πŸ„ Subscribe data in Service using RxJS 5


#12

It is related with ngZone. Try this:

import { NgZone } from '@angular/core'

constructor(private _ngZone: NgZone) {}

this.call('contacts.add',data,function (error,id) {
    this._ngZone.run(() => {
      self.SetContactId(id);
    });
}

#13

Thanks. That works perfectly.

Just to get this clear in my mind. The ngzone.run() tells angular2 that functions outside the angular environment has run with results that need updating.


#14

Hi, @Hongbo_Miao,

apologies for the lack of clarity. Here’s what I’m trying to accomplish.

I have a service in allValidCards.ts which provides a BehaviorSubject stream allValidCards$ similar to how the "currentUser$ stream is provided by user.service.ts to randam.component.ts.

Within allValidCards.service.ts, the allValidCards$ is composed from three other services from three collections.

The three meteor collections are normalCards, freeCards, and premiumCards and and their corresponding BehaviorSubject streams are:

NormalCards$ = new BehaviorSubject<Mongo.Cursor<NormalCard>>(null);
FreeCards$ = new BehaviorSubject<Mongo.Cursor<FreeCard>>(null);
PremiumCards$ = new BehaviorSubject<Mongo.Cursor<PremiumCard>>(null);

Using rxJS I’m composing the stream allValidCards$ as follows:

this.allValidCards$
         .merge(this.NormalCards$, this.FreeCards$, this.PremiumCards$)
         .scan( (acc, curr) => {
             if (acc != null) {
                 let tmp_stream =  curr.concat(acc);
                 return tmp_stream;
             }
             return curr;
         });

// then I initialize the streams with data:
this.normalCards = NormalCards.find({ checked: true }).fetch();
this.NormalCards$.next(this.normalCards);	

this.freeCards = FreeCards.find({ checked: true }).fetch();
this.FreeCards$.next(this.freeCards);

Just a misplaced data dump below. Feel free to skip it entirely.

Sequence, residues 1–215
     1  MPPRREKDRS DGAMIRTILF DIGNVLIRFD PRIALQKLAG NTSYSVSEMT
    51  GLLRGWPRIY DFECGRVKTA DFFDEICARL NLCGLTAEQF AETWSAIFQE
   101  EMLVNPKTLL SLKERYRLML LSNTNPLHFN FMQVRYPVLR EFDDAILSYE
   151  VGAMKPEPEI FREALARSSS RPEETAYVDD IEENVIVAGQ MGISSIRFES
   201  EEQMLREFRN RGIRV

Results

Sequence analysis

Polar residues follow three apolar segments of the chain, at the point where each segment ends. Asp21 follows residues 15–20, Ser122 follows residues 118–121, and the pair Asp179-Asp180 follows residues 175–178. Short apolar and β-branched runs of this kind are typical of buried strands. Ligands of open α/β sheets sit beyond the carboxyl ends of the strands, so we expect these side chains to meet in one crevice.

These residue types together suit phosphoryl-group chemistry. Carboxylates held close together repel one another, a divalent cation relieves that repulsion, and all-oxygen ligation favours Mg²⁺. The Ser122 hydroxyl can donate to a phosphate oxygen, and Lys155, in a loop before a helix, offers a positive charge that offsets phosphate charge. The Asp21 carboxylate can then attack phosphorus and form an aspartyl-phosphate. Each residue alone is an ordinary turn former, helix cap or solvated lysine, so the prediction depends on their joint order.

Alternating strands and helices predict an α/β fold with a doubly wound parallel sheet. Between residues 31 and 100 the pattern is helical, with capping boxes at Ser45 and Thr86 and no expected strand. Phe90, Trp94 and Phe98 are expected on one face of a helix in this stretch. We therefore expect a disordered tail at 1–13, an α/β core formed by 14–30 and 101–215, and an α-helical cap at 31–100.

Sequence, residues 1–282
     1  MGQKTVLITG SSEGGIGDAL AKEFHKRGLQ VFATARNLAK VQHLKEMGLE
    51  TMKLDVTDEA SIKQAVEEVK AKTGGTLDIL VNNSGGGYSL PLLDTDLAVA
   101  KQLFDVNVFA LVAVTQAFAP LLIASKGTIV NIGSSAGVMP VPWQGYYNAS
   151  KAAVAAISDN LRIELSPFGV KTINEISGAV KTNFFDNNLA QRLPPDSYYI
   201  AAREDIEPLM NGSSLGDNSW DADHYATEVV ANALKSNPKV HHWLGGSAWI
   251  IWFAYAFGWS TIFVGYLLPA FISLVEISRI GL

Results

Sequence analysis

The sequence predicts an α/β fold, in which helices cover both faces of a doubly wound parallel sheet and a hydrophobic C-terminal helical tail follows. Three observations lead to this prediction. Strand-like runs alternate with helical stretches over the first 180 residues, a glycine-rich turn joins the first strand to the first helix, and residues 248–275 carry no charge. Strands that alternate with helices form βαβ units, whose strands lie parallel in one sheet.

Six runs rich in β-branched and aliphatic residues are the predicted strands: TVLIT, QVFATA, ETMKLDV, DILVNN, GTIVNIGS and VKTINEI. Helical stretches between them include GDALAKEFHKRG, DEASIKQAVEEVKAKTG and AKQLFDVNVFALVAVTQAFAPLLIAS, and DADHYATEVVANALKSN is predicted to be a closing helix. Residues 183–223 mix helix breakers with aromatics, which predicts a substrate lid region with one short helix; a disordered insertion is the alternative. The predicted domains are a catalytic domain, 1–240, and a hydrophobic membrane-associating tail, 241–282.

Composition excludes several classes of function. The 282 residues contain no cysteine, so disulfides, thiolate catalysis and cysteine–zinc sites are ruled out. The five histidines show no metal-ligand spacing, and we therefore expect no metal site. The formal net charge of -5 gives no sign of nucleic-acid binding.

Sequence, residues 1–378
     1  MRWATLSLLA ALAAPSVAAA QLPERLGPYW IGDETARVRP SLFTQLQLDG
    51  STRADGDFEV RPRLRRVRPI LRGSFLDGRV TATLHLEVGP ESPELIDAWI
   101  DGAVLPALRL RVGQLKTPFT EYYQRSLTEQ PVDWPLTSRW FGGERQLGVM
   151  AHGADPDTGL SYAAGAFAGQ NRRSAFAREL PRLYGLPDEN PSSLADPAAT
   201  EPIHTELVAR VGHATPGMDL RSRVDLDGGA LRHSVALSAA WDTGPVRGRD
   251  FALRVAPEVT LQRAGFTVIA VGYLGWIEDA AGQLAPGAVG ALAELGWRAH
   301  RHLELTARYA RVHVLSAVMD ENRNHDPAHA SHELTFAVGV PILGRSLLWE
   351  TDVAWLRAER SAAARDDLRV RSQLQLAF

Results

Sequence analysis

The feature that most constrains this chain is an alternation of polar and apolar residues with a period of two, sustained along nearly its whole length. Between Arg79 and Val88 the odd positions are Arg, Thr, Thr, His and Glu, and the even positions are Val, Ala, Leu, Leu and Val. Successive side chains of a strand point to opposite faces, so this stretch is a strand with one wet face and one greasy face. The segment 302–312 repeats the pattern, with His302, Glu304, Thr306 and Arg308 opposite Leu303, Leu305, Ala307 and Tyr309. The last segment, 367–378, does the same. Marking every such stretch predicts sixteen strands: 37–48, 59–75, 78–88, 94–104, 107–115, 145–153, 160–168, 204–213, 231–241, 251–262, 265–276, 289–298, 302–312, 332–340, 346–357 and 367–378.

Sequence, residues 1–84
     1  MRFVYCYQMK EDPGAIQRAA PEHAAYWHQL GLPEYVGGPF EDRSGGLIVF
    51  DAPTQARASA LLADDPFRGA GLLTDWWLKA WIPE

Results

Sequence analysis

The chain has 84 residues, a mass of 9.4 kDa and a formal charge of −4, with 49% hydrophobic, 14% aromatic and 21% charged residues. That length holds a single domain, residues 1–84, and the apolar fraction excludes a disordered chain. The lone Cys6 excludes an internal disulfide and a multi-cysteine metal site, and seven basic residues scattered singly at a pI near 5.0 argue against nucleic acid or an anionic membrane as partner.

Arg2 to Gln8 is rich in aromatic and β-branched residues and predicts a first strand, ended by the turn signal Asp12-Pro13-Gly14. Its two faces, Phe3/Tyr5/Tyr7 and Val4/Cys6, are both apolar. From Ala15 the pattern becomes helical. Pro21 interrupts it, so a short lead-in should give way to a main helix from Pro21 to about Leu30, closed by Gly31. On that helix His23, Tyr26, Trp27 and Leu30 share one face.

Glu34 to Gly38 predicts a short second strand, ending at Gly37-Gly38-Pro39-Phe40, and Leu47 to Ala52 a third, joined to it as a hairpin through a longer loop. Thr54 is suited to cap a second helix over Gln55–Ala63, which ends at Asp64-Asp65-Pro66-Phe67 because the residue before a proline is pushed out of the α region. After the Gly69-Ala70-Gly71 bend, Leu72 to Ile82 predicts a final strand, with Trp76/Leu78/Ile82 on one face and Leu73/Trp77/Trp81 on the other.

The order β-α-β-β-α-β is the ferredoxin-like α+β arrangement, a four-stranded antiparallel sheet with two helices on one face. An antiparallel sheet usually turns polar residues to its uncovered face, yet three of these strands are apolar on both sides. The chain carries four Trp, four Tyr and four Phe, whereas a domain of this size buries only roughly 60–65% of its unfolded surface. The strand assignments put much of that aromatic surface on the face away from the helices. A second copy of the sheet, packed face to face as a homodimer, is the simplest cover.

this.premiumCards = PremiumCards.find({ checked: true }).fetch();
this.PremiumCards$.next(this.premiumCards);

If I .subscribe to this.allValidCards$ within allValidCards.service.ts, the operators are applied as expected. All values from all streams are merged into the allValidCards$

However, when β€œsubscribing to the stream” in another component such as randam.components.ts, none of the applied operators are preserved. I’m only able to push information onto the stream using this.allValidCards$.next(this.premiumCards);


#15

This part in Service, right? Where do you put this part?

this.allValidCards$
     .merge(this.NormalCards$, this.FreeCards$, this.PremiumCards$)
     .scan( (acc, curr) => {
         if (acc != null) {
             let tmp_stream =  curr.concat(acc);
             return tmp_stream;
         }
         return curr;
     });

#16

I updated a little the tutorial, you can use RxJS Operators if you are familiar

.filter(x => !!x) instead of if (!currentUser) return;, which is cleaner,


#17

Yes, it’s in service. I placed it within a subscribeCards() {… } function similar to subscribeCurrentUser() { … }

subscribeCards() {

    this.subscription = this.subscribe('cards.all', () => {

        this.allValidCards$
            .merge(this.NormalCards$, this.FreeCards$, this.PremiumCards$)
            .scan( (acc, curr) => {
                if (acc != null) {
                    let tmp_stream =  curr.concat(acc);
                    return tmp_stream;
                }
                return curr;
            });

       // If I   .subscribe( x => console.log(x) )  to  this.allValidCards$  here it works in here...

        // then I initialize the streams with data:
        this.normalCards = NormalCards.find({ checked: true }).fetch();
        this.NormalCards$.next(this.normalCards);

        this.freeCards = FreeCards.find({ checked: true }).fetch();
        this.FreeCards$.next(this.freeCards);

        this.premiumCards = PremiumCards.find({ checked: true }).fetch();
        this.PremiumCards$.next(this.premiumCards);

    }, true);
}

#18

If I guess correct, your allValidCards$ is Observable.
So when you subscribe in your component, the value emit before you subscribe, which means the value is already gone.

So you can use BehaviorSubject in this case.
Or check the difference between Hot and Cold observables.


#20

Hi @Hongbo_Miao,

I followed your tutorial and I created a new service too. The service of current user works but when I repeated the pattern with other subscription, I get the data into the client but the html template shows this value as an undefined value. I would appreciate your help.


#21

@puedesleerlo Some codes will help locate the issue. :slight_smile:


#22

Thank you very much. Everything works as expected, but the changeDetection of the child component, that I set as ChangeDetectionStrategy.OnPush

parentComponent.html

    
    
 

parentComponent.ts